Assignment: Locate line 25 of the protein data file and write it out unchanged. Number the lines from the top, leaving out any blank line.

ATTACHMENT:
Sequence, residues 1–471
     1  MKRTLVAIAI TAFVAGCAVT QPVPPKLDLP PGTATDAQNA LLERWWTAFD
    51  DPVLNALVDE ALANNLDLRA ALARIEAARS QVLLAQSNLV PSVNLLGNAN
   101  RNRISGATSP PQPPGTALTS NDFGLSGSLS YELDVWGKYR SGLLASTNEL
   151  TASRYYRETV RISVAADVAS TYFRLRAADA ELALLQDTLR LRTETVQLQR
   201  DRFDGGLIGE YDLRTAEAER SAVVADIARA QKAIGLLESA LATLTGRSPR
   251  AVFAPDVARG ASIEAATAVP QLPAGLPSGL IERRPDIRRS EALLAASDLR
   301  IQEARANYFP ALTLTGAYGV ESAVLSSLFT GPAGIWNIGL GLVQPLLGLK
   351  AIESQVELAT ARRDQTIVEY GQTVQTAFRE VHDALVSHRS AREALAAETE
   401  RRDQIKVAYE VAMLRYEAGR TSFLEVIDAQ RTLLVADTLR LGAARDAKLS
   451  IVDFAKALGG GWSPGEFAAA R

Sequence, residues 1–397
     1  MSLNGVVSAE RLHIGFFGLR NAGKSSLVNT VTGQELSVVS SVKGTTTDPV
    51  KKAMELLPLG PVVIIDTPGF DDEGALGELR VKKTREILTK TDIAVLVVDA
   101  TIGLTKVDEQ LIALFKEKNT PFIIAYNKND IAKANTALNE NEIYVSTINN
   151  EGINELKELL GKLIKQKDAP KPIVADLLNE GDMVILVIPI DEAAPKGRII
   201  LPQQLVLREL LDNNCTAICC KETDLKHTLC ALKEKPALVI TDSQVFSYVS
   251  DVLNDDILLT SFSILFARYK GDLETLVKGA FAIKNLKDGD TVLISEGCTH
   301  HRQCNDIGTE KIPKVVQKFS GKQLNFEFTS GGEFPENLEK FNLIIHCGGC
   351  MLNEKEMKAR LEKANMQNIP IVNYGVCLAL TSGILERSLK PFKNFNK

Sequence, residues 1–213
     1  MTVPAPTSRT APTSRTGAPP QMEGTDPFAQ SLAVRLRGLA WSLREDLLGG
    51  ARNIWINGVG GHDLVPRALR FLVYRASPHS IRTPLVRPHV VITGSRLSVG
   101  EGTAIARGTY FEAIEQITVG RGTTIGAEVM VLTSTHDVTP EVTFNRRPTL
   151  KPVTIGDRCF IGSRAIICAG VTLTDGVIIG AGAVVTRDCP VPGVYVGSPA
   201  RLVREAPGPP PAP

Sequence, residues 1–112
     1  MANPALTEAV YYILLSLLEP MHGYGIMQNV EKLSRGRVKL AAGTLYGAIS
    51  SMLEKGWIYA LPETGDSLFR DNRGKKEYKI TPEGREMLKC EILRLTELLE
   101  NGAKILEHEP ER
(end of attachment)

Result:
   151  KPVTIGDRCF IGSRAIICAG VTLTDGVIIG AGAVVTRDCP VPGVYVGSPA